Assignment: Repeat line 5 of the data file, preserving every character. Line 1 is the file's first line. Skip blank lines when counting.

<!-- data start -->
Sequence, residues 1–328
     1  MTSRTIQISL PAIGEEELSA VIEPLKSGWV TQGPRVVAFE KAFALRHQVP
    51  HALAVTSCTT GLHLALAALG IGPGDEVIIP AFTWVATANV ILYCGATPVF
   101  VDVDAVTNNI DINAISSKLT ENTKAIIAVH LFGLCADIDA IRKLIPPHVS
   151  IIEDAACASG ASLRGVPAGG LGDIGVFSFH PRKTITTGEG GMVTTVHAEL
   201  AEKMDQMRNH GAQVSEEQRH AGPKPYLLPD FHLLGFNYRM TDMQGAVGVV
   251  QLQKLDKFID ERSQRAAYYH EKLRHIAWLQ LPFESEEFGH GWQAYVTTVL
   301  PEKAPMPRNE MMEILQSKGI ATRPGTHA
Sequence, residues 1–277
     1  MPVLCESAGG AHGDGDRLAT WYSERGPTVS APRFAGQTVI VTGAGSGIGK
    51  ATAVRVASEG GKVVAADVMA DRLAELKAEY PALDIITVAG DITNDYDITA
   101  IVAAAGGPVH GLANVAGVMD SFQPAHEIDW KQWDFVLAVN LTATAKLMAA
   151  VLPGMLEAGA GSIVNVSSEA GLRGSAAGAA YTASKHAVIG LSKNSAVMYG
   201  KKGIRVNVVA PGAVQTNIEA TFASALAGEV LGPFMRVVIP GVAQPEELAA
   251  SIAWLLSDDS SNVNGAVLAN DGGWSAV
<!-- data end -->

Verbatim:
   151  IIEDAACASG ASLRGVPAGG LGDIGVFSFH PRKTITTGEG GMVTTVHAEL